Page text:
The Doosra has been called the most controversial delivery in the cricketing world. Its origin lies in a Pakistan-Australia Test series that took place in Sharjah more than two decades ago. To the surprise of many, a young off-spinner by the name of Saqlain Mushtaq started bowling a delivery that very much resembled a leg break. Unlike normal off-break, which moves from off to leg for a right-handed batsman, this new delivery moved from leg to off.
Moin Khan, who kept wickets for Pakistan, kept asking Saqlain to bowl the “doosra” and it was not long before TV commentator Tony Greig picked up the term from the stump mikes. He linked this term, the “doosra”, to the mysterious new delivery and began to use it in the commentary. Saqlain confirmed that the ”doosra” is the offspinner’s “wrong’un” in post-match interviews. In other words, it is the off-spinner’s equivalent of the leg-spinner’s googly, which also spins in the opposite direction to the leg spinner’s stock ball.
From that point on, the “doosra”, which means “the other one” in both Hindi and Urdu, quickly became part of the cricketing mainstream. The doosra is bowled from the back of the hand, and many experts consider it extremely difficult, if not impossible, to bowl it with authentic action. Whilst Saqlain was able to bowl the Doosra without violating the ICC rules for bending the elbow, other bowlers have experienced far more problems.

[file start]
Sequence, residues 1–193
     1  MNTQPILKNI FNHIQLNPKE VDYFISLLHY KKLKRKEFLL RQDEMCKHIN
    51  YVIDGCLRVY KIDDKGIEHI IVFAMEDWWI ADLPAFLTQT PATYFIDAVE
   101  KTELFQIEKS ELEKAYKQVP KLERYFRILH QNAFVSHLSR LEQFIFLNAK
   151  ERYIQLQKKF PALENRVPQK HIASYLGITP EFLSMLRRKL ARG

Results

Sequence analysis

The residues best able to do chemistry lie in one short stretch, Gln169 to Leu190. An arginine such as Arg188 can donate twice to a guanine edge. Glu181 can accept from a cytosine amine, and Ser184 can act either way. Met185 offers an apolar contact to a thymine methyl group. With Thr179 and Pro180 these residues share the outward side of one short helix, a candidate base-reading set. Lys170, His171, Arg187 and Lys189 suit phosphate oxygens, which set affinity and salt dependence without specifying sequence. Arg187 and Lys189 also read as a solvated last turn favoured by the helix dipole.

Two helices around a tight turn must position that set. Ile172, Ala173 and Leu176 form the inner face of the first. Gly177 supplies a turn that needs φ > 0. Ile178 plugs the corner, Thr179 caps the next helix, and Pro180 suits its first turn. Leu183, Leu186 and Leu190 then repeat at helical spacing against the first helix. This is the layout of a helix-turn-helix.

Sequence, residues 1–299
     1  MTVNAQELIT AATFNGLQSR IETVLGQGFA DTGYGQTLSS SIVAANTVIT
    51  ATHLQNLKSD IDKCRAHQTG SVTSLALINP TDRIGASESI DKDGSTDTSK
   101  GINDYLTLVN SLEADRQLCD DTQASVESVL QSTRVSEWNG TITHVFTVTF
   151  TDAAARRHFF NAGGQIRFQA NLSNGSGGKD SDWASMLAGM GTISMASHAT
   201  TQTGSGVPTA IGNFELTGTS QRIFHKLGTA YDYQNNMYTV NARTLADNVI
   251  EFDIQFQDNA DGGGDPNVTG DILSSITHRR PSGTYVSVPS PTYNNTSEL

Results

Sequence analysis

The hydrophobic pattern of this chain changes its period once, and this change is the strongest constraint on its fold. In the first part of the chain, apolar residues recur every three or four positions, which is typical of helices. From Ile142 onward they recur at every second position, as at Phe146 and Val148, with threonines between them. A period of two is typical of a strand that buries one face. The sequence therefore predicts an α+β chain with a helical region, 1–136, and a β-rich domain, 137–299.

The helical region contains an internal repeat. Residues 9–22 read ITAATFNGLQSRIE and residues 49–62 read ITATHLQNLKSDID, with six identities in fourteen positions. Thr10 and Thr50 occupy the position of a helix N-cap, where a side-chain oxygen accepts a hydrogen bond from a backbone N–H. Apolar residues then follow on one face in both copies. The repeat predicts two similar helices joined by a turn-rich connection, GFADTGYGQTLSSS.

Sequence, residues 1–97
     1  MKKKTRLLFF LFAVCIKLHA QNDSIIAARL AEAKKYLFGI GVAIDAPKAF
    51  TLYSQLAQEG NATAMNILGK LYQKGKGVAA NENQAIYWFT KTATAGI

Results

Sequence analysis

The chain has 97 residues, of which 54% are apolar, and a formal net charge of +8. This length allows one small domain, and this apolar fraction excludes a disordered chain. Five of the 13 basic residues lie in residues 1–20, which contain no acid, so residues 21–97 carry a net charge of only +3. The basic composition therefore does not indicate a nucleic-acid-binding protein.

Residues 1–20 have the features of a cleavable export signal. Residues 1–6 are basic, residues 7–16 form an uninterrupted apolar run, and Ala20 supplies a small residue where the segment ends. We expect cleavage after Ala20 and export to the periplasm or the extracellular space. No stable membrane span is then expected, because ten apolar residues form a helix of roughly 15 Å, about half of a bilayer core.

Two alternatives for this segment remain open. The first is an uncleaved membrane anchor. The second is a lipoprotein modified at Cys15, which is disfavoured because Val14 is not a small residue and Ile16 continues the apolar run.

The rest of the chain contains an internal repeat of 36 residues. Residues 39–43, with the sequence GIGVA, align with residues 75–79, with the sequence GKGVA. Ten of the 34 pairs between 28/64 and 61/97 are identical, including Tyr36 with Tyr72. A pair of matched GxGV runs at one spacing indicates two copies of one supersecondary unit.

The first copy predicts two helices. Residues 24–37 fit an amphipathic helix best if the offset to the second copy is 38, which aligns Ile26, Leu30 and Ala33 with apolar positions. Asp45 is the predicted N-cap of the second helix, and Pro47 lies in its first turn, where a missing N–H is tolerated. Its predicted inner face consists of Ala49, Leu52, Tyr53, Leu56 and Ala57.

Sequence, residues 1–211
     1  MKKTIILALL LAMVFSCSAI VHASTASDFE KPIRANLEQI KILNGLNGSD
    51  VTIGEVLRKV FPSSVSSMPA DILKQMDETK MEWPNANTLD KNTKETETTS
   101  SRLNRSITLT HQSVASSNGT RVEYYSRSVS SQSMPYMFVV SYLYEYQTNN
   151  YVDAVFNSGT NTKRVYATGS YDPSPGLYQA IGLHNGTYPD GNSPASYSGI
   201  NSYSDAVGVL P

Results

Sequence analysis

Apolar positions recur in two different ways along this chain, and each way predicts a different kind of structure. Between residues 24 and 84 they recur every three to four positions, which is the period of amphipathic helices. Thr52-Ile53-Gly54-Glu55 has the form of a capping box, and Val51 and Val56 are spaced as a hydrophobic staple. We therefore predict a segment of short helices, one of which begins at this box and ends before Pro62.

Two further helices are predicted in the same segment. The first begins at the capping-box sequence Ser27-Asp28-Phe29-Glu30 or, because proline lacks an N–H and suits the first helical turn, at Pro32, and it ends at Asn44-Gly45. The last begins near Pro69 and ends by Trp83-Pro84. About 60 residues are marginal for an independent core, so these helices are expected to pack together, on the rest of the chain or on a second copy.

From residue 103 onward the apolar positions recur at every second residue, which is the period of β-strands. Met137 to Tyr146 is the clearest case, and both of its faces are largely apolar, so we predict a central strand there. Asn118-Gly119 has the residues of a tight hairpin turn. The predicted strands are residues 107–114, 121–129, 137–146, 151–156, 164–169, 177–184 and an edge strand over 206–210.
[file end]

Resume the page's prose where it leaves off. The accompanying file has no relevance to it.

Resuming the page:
Perhaps the most famous episode relates to Muralitharan’s version of the Doosra, which became the subject of an official report by match referee Chris Broad during Australia’s tour of Sri Lanka in 2004 for an “illegal” bending of the arm at the elbow during Muralitharan’s bowling action Subsequent biomechanical tests at the University of Western Australia showed that Muralitharan was straightening his arm by angles which were well outside the ICC’s acceptable guideline of five degrees for spin bowlers.
After conducting further research into bowling actions, the ICC found that many international bowlers including Glenn McGrath, Jason Gillespie, Stephen Harmison, and Shaun Pollock, whose actions were previously deemed legitimate, were breaching the acceptable limits set out in the ICC rules. The rules were consequently amended during a meeting of ICC chief executives in 2005 so that it became legal for any bowler to straighten the arm up to 15 degrees and in this way Muralitharan’s doosra became legal again.
Biomechanical studies had concluded that 15 degrees were the point where “throwing” or “chucking” became visible to the naked eye. Other practitioners of the Doosra have not fared as well as Muralitharan. Saeed Ajmal, Johan Botha, Shane Shillingford, and Sachithra Senanayake were either banned from bowling for a period or prohibited from bowling the Doosra in international cricket. Although some of these bowlers underwent rehabilitation to reconstruct their actions, their new actions rendered their deliveries less effective than before.
Many experts believe that it is nearly impossible to bowl the Doosra legally and that most off-spinners bowling the Doosra will struggle to stay within the ICC’s 15-degree guidelines.
At a time when the balance between bat and ball has become more skewed in favour of the batsmen than ever before in cricket history, it is unfortunate that off-spinners are no longer able to call upon the Doosra.